Around 1900, during the period of fashion for skirts fitted at the hips, various underwear combinations began to appear, such as briefs combined with shirts and dresses, and later also corsets, combined with shirts and panties.
Colourful lingerie did not spread until the beginning of the 20th century when the progress in dyeing made it possible to obtain dyestuffs that were resistant to rubbing.
After the First World War, women’s dresses were becoming shorter and shorter, and as a result, the pantaloons, which began to resemble today’s lingerie from 1928, were also shortened.
In the 1920s, with the growing interest in sport, another lingerie reform took place. The panties, with legs fastened to the corset, turned into a model with an elastic band sewn from cotton fibre or jersey.
In the 1930s, the sport began to play an increasingly important role in everyday life, so lingerie had to become more straightforward and more practical. Cotton or jersey panties appeared, equipped with an elastic band at the waist. After the Second World War, wearing panties became a matter, of course. New models kept appearing on the lingerie market, among which the most famous were the panties without legs called panties. In the fifties, most women wore elastic, tight, high rise panties, which modelled the shape of the belly, buttocks and thighs. In the late 1950s, Triumph organised the first-ever intimate fashion show.
Over the years, lingerie models became bolder and bolder. The English model Twiggy, who in the 1970s signed a contract with a manufacturer of skimpy underwear, among others, contributed to their promotion.
The real lingerie boom occurred in the 1980s. The market started to conquer the Sloggy panties, which were associated with the highest quality and comfort. In 1981, the American company Frederick’s of Hollywood introduced the first tango panties, cut high at the sides, front and back and connected with a strip of fabric.
The nineties were the era of thongs, whose name derives from the English word for string. However, the first panties of this type appeared much earlier – they were one of the exhibits of the World’s Fair – World of Tomorrow, which took place in New York in 1939. The first copy was designed for erotic dancers who were banned by the New York mayor from dancing naked in night clubs.
Today, the lingerie offer includes hundreds of panties models, sewn from various fabrics, with countless patterns and colour variations.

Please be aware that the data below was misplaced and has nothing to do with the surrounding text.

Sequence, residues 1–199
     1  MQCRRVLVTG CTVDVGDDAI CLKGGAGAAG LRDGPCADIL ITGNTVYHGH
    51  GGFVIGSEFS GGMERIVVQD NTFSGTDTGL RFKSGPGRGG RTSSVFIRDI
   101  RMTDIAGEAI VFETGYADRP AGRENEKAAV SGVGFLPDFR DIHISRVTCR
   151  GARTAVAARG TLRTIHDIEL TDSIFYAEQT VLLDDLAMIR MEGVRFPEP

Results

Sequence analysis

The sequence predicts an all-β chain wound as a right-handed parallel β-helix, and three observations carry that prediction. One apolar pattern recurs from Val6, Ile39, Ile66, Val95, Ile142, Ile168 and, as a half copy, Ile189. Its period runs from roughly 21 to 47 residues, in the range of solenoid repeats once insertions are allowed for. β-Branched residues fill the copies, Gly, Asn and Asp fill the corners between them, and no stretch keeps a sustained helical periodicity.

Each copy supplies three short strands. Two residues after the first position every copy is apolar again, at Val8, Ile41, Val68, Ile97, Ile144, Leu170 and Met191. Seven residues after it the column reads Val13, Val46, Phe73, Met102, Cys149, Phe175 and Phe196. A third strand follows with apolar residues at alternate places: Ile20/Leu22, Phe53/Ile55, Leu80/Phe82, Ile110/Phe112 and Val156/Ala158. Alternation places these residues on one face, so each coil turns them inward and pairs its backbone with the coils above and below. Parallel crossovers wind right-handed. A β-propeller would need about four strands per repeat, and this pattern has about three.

Upper body parts.
The medieval history of underwear covering the upper parts of a woman’s body proved that until the end of the fifteenth century, the fashion for the cylindrical shape of torso obtained by tying breasts with canvas was still cultivated, originating from antiquity. However, the beginning of the 16th century began the era of the corset, which lasted almost four hundred years, and with it the cult of the hourglass shape.
The first corsets were sewn from starchy canvas or leather and reinforced with metal rods and wood. With time, they began to be sewn with valuable materials and decorated with gold lace. When corsets were equipped with so-called cornets, i.e. side frames supporting the dress, they became an obligatory part of women’s wardrobe.
The French Revolution, and with it the total disdain for aristocratic customs, shaken the corset’s somewhat privileged position. In the fashion of the Napoleonic era, the ideals of antiquity were returned, and women were dressed in loose dresses, fastened with a belt just under their breasts. The corsets that Napoleon Bonaparte called “the murderer of the human race” were therefore wholly abandoned.
However, the time of respite lasted very short – already in the 1820s, the corsets returned to their favours again. To achieve a perfect waist, that is to say, a core that can be embraced by hands, the ladies tied their corset laces as tightly as possible, often exposing themselves to fainting and deformed ribs. Despite appeals such as ‘Letters to the Married Ladies’, published in 1827 by the American doctor Hugh Smith, proving that wearing corsets is ‘a slow and fashionable poison that has deposited many beautiful bodies among the dead’, the hourglass figure cult continued for another hundred years.
In the 1960s, tightly-fitting corsets with a spring clasp at the front were introduced, allowing a 40-50 cm waist circumference.
Elegant Europeans and Americans, for a more spectacular effect, placed pillows under the gown, at shoulder and hip height.
The fashion for the hourglass figure was also popularised by an American cartoonist Charles Dan Gibson, who published illustrations of Gibson Girl – a personification of the ideal of beauty at the turn of the 19th and 20th century, young, dressed following the latest trends, a representative of the wealthy middle class, arousing widespread admiration for her unnaturally narrow waist.
In 1904, English suffragettes were the first to fight to free women from tight corsets. However, the real breakthrough came only two years later, thanks to French fashion creator Paul Poiret, who in his designs proposed a return to a gentle silhouette inspired by the 18th-century empire style. His long skirts, flowing down from the high waist marked with a ribbon placed just under his bust, were a spectacular success. Poiret made another fashion revolution, about which he wrote: “It was also in the name of freedom that I announced the death of the corset and the birth of the bra.